When I was growing up in Long Beach, California one of the landmark buildings was the Pacific Coast Club which resembled a medieval castle, high on a bluff overlooking the ocean. Built as a private club with dining and ballrooms, indoor pool and racquet ball facilities and an exclusive entry to the wide expanse of beach, it even offered discreet apartments upstairs for those who wished to wine and dine and then retire.
Yes, it was “exclusive” and mainly meant for members only, but my “dance club” met there in the early 50’s – a venue created for young ladies and gentlemen to learn the art of formal attire, dining with etiquette, and dancing to a live swing band. Antiquated I know, it must seem today. But it was there that I first flirted with a boy, a Johnny something-or-other who was cute beyond words and a noted equestrian who lived across the bay in Palos Verdes. He asked if he could drive me home but I was too shy at the time and declined in order to be given a ride by Jerilyn Johnson’s mother.
My point is that the PC Club, as it was called by locals, was not only the place of dreams and recreation, it was the loveliest bit of architecture along that shoreline. Until the day it was razed by bulldozers to make way for an atrocious skyscraper condo. And then the regret began but it was too late.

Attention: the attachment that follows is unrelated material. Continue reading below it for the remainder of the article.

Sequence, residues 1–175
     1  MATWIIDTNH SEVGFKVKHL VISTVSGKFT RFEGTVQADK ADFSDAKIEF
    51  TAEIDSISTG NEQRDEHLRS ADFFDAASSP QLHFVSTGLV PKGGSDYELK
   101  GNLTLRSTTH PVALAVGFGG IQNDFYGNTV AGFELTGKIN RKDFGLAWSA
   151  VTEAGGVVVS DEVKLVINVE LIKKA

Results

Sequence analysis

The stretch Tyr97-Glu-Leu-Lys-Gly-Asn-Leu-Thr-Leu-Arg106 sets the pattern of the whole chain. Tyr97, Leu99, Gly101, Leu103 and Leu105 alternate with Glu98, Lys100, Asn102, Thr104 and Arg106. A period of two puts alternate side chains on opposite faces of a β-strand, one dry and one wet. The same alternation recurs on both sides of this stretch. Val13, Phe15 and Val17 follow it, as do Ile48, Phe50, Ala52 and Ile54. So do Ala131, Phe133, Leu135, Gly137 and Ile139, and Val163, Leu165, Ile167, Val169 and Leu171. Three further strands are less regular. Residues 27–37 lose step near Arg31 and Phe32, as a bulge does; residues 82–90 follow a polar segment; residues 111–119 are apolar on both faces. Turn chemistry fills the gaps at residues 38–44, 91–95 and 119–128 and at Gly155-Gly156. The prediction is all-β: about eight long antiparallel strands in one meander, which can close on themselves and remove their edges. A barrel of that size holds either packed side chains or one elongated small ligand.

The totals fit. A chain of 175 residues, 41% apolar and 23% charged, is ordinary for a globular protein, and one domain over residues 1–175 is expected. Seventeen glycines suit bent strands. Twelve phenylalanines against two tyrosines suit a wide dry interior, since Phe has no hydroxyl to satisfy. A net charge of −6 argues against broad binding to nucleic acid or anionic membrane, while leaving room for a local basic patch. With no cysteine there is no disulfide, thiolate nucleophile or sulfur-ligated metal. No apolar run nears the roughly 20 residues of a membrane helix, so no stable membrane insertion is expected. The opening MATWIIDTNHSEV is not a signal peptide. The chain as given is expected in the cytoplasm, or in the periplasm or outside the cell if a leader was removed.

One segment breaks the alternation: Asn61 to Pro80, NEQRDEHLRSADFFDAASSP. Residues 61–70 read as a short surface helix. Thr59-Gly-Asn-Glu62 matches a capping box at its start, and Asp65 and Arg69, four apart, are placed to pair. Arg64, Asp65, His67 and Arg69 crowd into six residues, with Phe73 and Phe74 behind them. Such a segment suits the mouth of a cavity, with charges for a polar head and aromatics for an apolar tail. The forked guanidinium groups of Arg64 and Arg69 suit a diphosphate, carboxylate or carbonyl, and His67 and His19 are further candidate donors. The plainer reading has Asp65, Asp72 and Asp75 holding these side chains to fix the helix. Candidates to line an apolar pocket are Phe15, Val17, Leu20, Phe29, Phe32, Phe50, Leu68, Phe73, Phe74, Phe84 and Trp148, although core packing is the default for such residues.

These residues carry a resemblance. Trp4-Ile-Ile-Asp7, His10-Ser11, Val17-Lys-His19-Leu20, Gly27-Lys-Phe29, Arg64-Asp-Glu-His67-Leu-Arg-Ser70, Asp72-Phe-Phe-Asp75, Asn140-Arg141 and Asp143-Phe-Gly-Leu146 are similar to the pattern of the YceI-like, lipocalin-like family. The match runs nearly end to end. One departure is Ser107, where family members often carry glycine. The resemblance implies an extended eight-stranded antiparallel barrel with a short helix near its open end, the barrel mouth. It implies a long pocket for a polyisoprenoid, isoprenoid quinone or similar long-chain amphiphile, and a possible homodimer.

Here in Fergus Falls, Minnesota there is another building (buildings) slated for the wrecking ball, another architectural gem which may succumb to memories and dust. What is known as the Kirkbride was constructed in the 1880’s as an institution for the mentally ill so that they might live in a place of beauty, surrounded by sumptuous grounds. Today it is empty but the Friends of the Kirkbride have partnered with the State Historic Preservation Office and the Preservation Alliance of Minnesota in an effort to find a developer who would bring new life to the city’s biggest and most beautiful landmark. This in spite of the timeline, the “eleventh hour” which ticks closer and closer as the city council moves to enter the first stages of demolition planning and in spite of the fact that the council chamber has been overflowing at times with local citizens protesting the seeming stubbornness and lack of foresight by their public representatives.
A few weeks ago there was a bigger protest when 450 people showed up to “Hug the Kirkbride!” I was there. And I’m hoping it can be preserved before the only thing left is regret and it is too late.
I hadn’t realized that it was to be razed. I had heard a Chinese consortium was looking into doing something with it. What’s the word now? When I see you on Friday, let’s talk about it. And yes, it needs to be saved.